CsOH and NaOH were chosen as the electrolytes for two reasons: they are much different in size, and so might be expected to show different depth distributions. OH anions are also expected to be less prone to beam damage than, for example, halides37, due to the presence of water vapour. The CsOH/NaOH layer was prepared by depositing a droplet of 0.01 M CsOH/0.01 M NaOH solution onto the sample. The bulk of the solution was then blown away by dry N2, leaving a few monolayers of CsOH+NaOH on the Fe2O3 surface. The surface was then rehydrated inside the measurement chamber by exposing it to 0.4 Torr water vapour at a temperature of 2.5 °C, resulting in a relative humidity of ~8% with respect to the sample. Na+ and Cs+ were chosen as cations for their identical charge and different ionic radii. The influence of beam damage was checked in our experiments and found to be negligible.

Photoemission experiments

The photoemission measurements were carried out at the LBNL Advanced Light Source, using the ambient-pressure photoemission system at the Molecular Environmental Science beamline 11.0.2 (ref. 38). The SWAPPS measurements were carried out using a photon energy of 910 eV, corresponding to an X-ray wavelength of λx=13.6 Å. With dML equal to the mirror bilayer spacing, this yields a first-order Bragg angle of arcsin[λx/2dML]=11.6°, about which the incidence angle was scanned to yield RCs for core levels of every element in the sample. For reference, the IMFP of Fe 3p electrons emitted from Fe2O3 at this photon energy is estimated to be 18 Å; thus, we see through the Fe2O3 layer to some degree and signal is also detected from the Si and Mo on which the sample was grown. We also expect to see weaker Kiessig fringe features due to reflection from the top and bottom of the sample adjacent to the Bragg effects. These have oscillations given by arcsin[mλx/2DML], where m is the order and DML is the total thickness of the sample, in this case ~80 × 34+37≈2,760 Å. A simple calculation13 indicates these fringes are separated by about 0.14°, with these fringes in fact being observed in theoretical calculations, and to some degree also in experiment.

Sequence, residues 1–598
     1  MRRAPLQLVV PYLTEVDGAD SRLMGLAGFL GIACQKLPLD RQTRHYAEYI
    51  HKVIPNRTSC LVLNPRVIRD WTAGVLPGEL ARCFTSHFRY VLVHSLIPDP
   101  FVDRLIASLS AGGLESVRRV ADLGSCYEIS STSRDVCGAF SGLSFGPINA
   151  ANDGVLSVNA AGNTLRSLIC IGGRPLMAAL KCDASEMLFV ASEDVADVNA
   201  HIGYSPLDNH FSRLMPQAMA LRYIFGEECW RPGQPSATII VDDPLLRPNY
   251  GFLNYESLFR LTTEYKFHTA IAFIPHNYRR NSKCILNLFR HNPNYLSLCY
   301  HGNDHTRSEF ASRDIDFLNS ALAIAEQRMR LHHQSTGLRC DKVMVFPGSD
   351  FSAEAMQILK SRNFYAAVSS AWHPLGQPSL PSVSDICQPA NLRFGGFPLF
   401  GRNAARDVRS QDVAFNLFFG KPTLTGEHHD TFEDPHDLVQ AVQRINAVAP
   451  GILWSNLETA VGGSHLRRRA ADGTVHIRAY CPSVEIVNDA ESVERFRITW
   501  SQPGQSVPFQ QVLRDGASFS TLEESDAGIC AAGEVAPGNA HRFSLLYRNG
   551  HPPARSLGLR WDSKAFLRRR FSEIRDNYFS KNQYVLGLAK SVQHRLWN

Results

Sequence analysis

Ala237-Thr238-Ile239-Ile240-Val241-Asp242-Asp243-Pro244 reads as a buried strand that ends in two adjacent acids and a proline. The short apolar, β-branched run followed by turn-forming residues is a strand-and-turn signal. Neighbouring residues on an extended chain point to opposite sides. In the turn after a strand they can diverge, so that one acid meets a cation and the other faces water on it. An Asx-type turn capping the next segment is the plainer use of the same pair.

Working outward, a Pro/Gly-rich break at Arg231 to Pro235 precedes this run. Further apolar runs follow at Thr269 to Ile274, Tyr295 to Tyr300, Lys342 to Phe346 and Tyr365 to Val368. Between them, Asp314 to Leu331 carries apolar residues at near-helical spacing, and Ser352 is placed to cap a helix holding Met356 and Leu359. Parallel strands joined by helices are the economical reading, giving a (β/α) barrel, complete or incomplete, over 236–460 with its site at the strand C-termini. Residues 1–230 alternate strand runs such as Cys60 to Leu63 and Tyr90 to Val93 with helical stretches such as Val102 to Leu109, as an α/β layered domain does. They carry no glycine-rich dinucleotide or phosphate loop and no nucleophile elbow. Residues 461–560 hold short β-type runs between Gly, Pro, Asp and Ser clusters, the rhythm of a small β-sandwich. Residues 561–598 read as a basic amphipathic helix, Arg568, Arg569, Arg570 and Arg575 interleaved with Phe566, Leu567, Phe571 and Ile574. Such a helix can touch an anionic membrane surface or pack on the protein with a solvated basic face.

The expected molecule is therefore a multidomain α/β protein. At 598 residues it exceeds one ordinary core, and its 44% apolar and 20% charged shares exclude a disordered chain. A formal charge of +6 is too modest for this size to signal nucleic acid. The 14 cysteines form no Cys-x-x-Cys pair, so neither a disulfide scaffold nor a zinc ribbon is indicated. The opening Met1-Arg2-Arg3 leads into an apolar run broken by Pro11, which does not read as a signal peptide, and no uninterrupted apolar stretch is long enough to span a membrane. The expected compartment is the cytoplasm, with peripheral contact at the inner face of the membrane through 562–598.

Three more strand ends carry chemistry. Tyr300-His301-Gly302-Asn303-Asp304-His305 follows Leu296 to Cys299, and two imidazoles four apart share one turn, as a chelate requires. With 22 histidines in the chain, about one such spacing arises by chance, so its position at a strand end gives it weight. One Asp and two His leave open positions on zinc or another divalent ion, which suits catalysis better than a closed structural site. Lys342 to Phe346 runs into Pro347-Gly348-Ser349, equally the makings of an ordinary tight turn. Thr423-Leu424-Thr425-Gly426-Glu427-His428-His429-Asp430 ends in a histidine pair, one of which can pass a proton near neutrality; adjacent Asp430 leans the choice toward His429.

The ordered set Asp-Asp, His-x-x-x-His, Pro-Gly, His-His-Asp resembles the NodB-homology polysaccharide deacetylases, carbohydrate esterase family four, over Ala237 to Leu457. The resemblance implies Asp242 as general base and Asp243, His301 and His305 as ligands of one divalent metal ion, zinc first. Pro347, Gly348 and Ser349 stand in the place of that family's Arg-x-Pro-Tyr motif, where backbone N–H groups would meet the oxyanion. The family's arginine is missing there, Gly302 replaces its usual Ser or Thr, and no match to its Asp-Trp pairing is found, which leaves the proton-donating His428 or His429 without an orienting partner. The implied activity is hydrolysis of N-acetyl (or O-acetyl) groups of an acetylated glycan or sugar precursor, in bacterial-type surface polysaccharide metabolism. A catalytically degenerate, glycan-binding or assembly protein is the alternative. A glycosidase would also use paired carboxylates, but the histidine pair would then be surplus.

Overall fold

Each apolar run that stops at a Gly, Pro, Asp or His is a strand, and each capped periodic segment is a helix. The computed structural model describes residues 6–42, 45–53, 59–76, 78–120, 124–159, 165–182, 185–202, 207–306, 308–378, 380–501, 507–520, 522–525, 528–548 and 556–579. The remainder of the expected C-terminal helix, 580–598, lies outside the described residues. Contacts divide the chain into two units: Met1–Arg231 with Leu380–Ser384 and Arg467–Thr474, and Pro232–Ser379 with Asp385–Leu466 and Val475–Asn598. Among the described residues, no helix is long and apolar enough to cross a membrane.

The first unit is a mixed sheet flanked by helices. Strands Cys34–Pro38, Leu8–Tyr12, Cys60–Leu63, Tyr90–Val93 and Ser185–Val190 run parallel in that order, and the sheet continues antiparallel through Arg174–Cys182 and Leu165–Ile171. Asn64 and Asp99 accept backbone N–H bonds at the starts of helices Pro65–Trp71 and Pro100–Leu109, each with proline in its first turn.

Additional information

How to cite this article: Nemšák, S. et al. Concentration and chemical-state profiles at heterogeneous interfaces with sub-nm accuracy from standing-wave ambient-pressure photoemission. Nat. Commun. 5:5441 doi: 10.1038/ncomms6441 (2014).


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The Advanced Light Source and the Molecular Environmental Science beamline 11.0.2 are supported by the Director, Office of Science, Office of Basic Energy Sciences, Division of Chemical Sciences, Geosciences, and Biosciences and Materials Sciences Division of the US Department of Energy at the Lawrence Berkeley National Laboratory under Contract No. DE-AC02-05CH11231. C.S.F. and S.N. also acknowledge support from the Jülich Research Center, Peter Grünberg Institute, PGI-6; and from the APTCOM Project of a grant from the ‘Laboratoire d’Excellence Physics Atom Light Matter’ (LabEx PALM) overseen by the French National Research Agency (ANR) as part of the ‘Investissements d’Avenir’ program (reference: ANR-10-LABX-0039). P.K.G., E.C.B. and K.L. acknowledges support from the National Science Foundation (DMR-1008791).

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Author notes

    • Slavomír Nemšák

    Present address: Peter-Grünberg-Institut 6, Forschungszentrum Jülich GmbH - 52425 Jülich, Germany


  1. Department of Physics, University of California Davis, Davis, California 95616, USA

    • Slavomír Nemšák
    • , Arunothai Rattanachata
    • , Catherine S. Conlon
    • , Armela Keqi
    • , Peter K. Greene
    • , Edward C. Burks
    • , Kai Liu
    •  & Charles S. Fadley
  2. Materials Sciences Division, Lawrence Berkeley National Laboratory, Berkeley, California 94720, USA

    • Slavomír Nemšák
    • , Arunothai Rattanachata
    • , Catherine S. Conlon
    • , Armela Keqi
    • , Farhad Salmassi
    • , Eric M. Gullikson
    •  & Charles S. Fadley
  3. Chemical Sciences Division, Lawrence Berkeley National Laboratory, Berkeley, California 94720, USA

    • Andrey Shavorskiy
    • , Osman Karslioglu
    • , Ioannis Zegkinoglou
    •  & Hendrik Bluhm
  4. IBM Almaden Research Center, San Jose, California 95120, USA

    • See-Hun Yang


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S.N., A.S., O.K., I.Z., A.R., C.S.C. and A.K. carried out the experiments under the supervision of H.B. and C.S.F. Data analysis and X-ray optical simulations were performed by S.N., using a software package written by S.H.Y. The multilayer mirrors were grown by F.S. and E.M.G., and the haematite layers by P.K.G., E.C.B. and K.L., including atomic force microscopy characterization of the surface profile.

Competing interests

The authors declare no competing financial interests.

Corresponding authors

Correspondence to Slavomír Nemšák or Hendrik Bluhm or Charles S. Fadley.